Char, varchar and Not Nulls

Last Post 17 May 2006 06:27 PM by cmdr_jpskywalker. 3 Replies.
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eramgarden_SQL
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17 May 2006 11:39 AM

Second week at my new job and looking at the DB

1.They have made every field either char or numeric or created user-defined database type.
Read about the diff between char and varchar. This
SQl Mag Link talks about char being faster and it's used for "fixed length" if it's less than 30 bytes. Varchar used for "variable length".

2. They have made ALL field NOT NULL with default value of BLANK.

Questions

1. Still not sure what variable length and fixed length mean. How would I know if the data is less than 30 bytes?

2. Is there a downside to making everything NOT Null and having default of blank?
cmdr_jpskywalker
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17 May 2006 06:27 PM
1. to check the actual data, use LEN function. To check the column max val, select the character_maximum_length in the INFORMATION_SCHEMA.COLUMNS

2. having no null means you don't have to deal with the tri-state of the column (NULL/UNKNOWN can also mean user has not initialize the table, consider the CHECKBOX control). NOT NULL also means additional table constraints. If you can maintain NOT NULL without violating business rules(ie. let the user know that the object has not been initialized yet, that is, gray in a checkbox control), its a good practice.
eramgarden_SQL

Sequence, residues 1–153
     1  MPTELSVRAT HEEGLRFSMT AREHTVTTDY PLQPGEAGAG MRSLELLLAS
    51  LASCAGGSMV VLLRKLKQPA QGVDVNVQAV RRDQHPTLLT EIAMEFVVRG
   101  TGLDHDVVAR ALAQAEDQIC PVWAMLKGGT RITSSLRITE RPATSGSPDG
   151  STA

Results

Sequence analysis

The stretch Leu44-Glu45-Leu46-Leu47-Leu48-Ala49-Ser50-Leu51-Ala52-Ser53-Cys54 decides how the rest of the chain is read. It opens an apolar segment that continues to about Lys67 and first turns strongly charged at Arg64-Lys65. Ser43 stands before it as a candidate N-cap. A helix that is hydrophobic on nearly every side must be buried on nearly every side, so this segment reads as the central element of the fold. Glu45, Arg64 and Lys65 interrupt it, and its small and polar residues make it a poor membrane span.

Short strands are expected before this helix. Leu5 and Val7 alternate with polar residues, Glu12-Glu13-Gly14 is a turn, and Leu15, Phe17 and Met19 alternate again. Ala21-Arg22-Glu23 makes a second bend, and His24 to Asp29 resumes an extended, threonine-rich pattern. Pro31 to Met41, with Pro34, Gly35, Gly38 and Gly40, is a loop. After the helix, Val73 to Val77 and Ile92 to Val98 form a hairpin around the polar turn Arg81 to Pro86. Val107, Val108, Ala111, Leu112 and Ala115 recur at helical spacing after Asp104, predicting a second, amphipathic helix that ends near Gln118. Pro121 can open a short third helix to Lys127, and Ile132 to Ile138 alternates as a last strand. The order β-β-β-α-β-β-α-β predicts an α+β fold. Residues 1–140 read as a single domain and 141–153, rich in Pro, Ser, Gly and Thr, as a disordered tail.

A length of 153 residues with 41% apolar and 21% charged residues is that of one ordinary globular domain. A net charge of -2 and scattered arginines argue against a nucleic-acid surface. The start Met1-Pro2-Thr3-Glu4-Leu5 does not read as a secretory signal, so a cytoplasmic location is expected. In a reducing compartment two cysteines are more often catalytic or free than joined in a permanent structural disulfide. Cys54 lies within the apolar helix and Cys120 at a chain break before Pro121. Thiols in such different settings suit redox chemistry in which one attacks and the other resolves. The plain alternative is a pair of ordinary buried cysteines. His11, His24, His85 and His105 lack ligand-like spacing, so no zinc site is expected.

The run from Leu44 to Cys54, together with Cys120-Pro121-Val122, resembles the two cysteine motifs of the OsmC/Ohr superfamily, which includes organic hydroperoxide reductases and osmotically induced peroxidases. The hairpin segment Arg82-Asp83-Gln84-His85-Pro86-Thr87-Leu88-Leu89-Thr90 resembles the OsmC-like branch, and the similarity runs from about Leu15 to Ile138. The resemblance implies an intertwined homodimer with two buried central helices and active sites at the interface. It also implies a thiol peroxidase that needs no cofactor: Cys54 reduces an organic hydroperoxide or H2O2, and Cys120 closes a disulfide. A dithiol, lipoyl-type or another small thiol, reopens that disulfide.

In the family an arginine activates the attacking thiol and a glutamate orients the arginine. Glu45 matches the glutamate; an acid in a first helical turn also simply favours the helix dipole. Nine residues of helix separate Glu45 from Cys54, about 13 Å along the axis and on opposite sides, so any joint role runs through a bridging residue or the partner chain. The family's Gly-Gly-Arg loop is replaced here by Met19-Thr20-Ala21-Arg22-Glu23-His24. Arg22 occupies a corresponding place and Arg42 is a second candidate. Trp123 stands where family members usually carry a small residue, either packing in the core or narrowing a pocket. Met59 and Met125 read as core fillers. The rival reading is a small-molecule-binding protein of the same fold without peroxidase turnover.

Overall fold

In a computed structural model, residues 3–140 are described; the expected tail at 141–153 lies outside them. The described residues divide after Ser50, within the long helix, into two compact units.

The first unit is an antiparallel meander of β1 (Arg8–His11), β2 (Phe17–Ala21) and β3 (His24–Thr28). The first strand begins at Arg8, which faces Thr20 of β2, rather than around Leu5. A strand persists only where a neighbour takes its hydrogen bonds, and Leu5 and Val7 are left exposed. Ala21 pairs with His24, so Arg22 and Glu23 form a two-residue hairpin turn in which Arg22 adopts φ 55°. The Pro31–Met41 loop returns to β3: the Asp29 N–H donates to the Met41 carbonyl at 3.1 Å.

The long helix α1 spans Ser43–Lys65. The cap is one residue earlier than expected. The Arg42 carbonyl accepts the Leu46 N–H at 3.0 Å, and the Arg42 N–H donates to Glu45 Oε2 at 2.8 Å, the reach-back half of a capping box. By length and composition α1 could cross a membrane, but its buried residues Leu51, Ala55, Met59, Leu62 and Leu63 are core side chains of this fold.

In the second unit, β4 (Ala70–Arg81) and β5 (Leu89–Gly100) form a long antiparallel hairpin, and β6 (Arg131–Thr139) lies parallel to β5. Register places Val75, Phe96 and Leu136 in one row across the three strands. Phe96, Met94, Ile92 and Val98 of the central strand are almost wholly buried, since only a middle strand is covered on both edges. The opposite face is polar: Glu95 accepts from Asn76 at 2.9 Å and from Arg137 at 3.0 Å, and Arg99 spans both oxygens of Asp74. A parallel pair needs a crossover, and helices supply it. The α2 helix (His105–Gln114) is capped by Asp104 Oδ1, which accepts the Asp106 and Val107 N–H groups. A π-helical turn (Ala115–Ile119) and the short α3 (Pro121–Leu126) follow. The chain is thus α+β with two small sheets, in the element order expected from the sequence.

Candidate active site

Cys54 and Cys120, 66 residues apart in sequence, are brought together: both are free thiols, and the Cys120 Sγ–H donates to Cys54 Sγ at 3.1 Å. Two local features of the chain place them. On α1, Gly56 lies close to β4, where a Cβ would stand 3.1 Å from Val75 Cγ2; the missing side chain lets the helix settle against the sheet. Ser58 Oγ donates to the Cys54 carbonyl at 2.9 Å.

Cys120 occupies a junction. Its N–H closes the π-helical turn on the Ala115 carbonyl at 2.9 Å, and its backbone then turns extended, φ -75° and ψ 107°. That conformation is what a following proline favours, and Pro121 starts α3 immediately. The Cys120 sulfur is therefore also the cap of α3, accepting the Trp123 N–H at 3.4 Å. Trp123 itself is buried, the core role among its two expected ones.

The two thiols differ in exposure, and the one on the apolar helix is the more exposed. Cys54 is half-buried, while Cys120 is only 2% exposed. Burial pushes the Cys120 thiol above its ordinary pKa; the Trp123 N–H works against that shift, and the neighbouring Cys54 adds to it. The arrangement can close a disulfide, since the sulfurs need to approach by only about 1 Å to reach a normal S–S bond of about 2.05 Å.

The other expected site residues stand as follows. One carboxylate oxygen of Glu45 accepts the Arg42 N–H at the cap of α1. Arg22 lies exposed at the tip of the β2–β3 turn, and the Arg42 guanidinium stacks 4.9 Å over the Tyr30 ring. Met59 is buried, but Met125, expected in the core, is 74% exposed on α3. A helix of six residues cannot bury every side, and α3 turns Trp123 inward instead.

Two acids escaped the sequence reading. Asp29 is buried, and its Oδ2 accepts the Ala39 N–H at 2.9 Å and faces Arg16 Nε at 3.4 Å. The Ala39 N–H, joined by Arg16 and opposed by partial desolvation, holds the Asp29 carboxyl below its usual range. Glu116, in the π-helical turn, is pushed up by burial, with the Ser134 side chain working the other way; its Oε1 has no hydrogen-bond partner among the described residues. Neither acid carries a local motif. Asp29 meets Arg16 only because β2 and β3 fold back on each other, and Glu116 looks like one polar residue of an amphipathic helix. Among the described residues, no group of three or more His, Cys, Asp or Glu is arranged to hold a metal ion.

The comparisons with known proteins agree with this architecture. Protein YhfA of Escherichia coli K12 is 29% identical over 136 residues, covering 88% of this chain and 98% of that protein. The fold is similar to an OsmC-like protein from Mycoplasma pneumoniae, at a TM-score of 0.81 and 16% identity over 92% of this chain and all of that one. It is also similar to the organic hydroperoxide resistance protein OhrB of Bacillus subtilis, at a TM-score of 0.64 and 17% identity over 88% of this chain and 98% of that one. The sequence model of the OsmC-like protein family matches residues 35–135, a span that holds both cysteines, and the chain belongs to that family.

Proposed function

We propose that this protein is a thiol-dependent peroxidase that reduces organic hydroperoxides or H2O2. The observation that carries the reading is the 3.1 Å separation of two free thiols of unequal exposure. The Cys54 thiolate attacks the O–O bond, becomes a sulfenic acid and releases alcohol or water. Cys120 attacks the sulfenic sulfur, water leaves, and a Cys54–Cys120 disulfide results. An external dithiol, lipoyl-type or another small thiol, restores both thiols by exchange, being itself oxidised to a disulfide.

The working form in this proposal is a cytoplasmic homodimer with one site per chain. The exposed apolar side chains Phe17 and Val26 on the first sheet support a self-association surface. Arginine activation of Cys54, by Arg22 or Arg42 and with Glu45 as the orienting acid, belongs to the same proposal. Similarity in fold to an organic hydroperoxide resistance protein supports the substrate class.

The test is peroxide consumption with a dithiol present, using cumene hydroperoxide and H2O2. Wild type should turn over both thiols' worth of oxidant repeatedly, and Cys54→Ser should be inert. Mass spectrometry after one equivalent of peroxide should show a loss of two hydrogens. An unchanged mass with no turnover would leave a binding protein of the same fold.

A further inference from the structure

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18 May 2006 03:24 AM

I think if all Char fields are initialized to Blank, that's not good for performance because it's fixed-length, and there's gonna be blank databytes flying around everywhere. Brings down performance.
yes, no?
cmdr_jpskywalker
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18 May 2006 04:33 PM
i don't think it will be a problem in terms of performance but rather on performance. In any RDBMS, the principle of improving performance is to minimize disk read because disk read is costly. That is, if SQL read one whole chunk of 1 extent into memory instead of just 1 page, then SQL don't need to access the disk to read the other 7 pages because its already in the memory, the 1 extent (although the pages itself may contain a lot of blank data). But by design principle, you always try to minimize NULL columns because the attribute is not fully dependent to the primary key. In addition, programming wise, you don't have to worry about the other state of the column (UNKNOWN which is NULL) during comparison (TRUE AND NULL IS NULL, that is, depending on your ANSI NULL settings ). Anyway, having ALL fields might be overkill but then again, you have to see the business requirements, rules, and application assumptions made to the database (as the saying goes, don't break the wall not unless you know why it was put there in the first place).
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